Posts with term Febreze X

Mississauga Students Competing in National Contest

A Mississauga school is recycling to win a garden and cash for charity, and students need your help. St. Jude’s Academy, a private school for junior kindergarten to Grade 12, is in the Meadowvale area on Torquay Mews. The school is on the national leaderboard to win the top prize of a garden made from 100 per cent recycled material through the third-annual Febreze Frenzy recycling contest. This year's contest is the biggest in TerraCycle Canada’s history, with $8,650 of charity donations being shared among the top ten winners. Participants must send in as many units of air and home care waste, such as trigger heads from spray bottles, as possible before May 31. Two points are awarded for each item sent to TerraCycle. The contest is part of TerraCycle and Febreze's air and home care recycling program. The free, national initiative allows for any brand of air-freshener cartridge or home-cleaning packaging to be recycled. Anyone in Canada can sign up to take part.

Green Corner: Rider and Terracycle rally for sustainbility on campus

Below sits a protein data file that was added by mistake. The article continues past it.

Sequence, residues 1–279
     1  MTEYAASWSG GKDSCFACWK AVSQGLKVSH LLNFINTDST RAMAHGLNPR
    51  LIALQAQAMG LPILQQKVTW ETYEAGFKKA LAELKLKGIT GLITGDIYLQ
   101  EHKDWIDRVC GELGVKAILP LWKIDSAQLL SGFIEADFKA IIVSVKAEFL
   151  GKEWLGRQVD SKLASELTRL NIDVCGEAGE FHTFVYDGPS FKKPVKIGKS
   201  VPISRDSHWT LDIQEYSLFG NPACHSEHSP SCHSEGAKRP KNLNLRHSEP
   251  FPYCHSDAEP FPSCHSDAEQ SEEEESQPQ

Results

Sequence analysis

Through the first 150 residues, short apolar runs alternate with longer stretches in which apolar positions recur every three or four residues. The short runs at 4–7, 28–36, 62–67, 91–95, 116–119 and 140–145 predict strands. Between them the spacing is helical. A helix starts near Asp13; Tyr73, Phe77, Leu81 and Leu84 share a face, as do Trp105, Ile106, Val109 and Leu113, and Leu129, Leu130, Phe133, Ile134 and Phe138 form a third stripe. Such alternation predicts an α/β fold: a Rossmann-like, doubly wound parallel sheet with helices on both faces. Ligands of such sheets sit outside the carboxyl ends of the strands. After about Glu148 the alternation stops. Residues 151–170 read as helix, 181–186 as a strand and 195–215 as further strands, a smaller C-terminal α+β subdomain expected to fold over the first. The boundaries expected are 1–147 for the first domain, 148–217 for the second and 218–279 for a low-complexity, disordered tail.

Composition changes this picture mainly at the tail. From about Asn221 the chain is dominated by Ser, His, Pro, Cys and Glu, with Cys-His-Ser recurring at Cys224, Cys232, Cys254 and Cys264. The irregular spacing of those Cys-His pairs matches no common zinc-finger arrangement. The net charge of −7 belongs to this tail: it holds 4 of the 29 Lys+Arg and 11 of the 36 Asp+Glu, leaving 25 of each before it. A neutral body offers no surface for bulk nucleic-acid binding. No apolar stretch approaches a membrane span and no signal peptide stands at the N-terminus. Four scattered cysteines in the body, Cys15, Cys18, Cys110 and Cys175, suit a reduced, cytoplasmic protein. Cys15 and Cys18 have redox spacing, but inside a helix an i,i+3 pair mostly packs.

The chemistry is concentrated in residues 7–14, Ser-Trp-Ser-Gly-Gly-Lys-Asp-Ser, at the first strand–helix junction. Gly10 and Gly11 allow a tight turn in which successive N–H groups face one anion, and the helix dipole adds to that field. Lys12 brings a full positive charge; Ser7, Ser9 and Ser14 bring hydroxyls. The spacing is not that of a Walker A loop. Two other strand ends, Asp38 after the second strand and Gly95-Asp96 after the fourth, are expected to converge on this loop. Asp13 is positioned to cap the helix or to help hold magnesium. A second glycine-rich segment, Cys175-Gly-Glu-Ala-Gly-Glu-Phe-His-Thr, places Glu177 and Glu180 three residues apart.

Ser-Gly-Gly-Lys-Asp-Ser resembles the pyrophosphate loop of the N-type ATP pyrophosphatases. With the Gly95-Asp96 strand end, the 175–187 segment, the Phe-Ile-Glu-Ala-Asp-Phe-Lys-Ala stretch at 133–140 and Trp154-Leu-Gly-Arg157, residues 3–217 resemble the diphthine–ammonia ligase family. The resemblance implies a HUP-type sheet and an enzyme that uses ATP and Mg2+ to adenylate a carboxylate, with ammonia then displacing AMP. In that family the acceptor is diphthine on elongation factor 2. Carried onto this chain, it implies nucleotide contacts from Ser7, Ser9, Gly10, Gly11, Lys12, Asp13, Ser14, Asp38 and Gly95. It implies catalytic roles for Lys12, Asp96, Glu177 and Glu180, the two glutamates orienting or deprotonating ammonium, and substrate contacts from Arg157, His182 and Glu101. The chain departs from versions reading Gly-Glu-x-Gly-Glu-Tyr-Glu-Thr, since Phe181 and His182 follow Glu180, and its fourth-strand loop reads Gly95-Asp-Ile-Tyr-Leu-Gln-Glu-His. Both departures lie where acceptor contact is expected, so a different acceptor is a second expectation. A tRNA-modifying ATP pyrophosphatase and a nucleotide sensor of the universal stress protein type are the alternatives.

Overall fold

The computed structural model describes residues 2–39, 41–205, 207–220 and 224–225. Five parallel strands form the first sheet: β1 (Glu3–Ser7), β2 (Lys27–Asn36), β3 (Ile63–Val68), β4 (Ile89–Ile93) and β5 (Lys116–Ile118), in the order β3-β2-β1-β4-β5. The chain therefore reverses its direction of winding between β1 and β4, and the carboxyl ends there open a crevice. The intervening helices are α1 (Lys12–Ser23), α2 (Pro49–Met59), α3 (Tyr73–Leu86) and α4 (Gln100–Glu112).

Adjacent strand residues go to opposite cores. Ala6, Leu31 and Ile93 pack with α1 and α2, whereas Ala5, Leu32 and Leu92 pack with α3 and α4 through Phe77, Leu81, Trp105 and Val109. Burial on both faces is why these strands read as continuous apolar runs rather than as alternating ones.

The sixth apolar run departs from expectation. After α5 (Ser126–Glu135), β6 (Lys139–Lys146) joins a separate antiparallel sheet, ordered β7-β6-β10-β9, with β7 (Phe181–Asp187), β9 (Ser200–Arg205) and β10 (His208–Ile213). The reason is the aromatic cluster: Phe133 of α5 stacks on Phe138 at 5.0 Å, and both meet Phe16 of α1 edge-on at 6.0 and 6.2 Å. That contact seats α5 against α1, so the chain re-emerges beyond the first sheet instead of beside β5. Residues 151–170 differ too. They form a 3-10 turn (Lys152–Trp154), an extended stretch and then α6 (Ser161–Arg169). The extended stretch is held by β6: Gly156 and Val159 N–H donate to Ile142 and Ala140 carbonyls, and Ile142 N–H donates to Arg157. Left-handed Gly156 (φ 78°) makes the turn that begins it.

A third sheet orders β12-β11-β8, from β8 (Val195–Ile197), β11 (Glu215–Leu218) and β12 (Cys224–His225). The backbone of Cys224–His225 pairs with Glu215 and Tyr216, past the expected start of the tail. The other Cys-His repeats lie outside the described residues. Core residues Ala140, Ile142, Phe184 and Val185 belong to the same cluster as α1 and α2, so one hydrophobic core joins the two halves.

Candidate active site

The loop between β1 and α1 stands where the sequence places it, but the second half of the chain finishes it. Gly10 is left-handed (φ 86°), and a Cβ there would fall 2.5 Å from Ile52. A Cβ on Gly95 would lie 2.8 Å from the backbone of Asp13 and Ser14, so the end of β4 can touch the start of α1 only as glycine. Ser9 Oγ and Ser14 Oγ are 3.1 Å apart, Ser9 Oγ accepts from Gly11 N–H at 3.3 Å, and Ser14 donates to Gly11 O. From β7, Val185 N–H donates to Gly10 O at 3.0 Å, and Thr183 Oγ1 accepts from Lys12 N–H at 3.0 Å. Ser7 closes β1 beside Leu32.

Rider has been ranked in the Princeton Review’s top most sustainable schools in the country and one of the greenest universities in the world by the UI GreenMetric World University Ranking. But what has Rider done to get where it is today? The university has implemented a number of programs that have quickly moved us up in the ranks. One of those programs occurs in every dorm and has a high percentage of Rider’s residential students participating: the amazing Terracycle health and beauty brigade. Terracycle started as a local company based out of Trenton and now operates globally. The health and beauty brigade, in particular, collects difficult-to-recycle plastics that are commonly found in the packaging of beauty and personal care products and either upcycles or recycles them into new products. Shampoo bottles, for instance, are a perfect example of what Terracycle likes to reuse and recycle. When asked what she thinks of the Terracycle health and beauty brigade, Resident Advisor Talauria Wright says, “I love the health and beauty brigade, it’s super easy. Hill Hall always does a fantastic job recycling. The green bucket is always full of stuff.” With these materials, Terracycle takes the shredded and melted down plastics and either makes amazing new packaging for companies like Garnier, Febreze and Colgate or creates outdoor furniture, garden supplies and tote bags. Rider has sent over 27,300 items to Terracycle through the health and beauty brigade so far. Not only does Rider benefit from the health and beauty brigade, but also from Terracycle’s cigarette waste recycling program. Terracycle upcycles cigarette waste into fertilizer and packing peanuts. Rider has sent a whopping total of 24,000 butts to Terracycle so far. Thanks to the cigarette waste recycling program, the university safely disposes of the toxic materials commonly found in cigarettes. Rider is gearing up to begin a new brigade, the writing utensil brigade, thanks to senior Eco Rep Ambria Dell’Oro. With the writing utensil brigade, students will have a safe and sustainable way to dispose of their used writing utensils. It is estimated that over 2 billion mechanical pencils are sold in the United States alone. Terracycle has begun a program to safely recycle all the different writing utensils students use that typically end up in the garbage at the end of their useful life. When asked why she thought Terracycle’s writing utensil brigade would be a good fit for Rider, Ambria Dell’Oro said,“ If you really think about it, not all that much plastic goes into making a pen or mechanical pencil, but 2 billion pens and mechanical pencils in the trash equals a lot of plastic that will never biodegrade. I wanted to start this program at Rider to ensure that students knew about this unknown problem and to make sure students had a way to dispose of these writing products sustainably.” Thanks to Terracycle, Rider is able to properly dispose of difficult-to-recycle materials. Students and faculty alike can rest easy knowing that they have the opportunity to make a difference.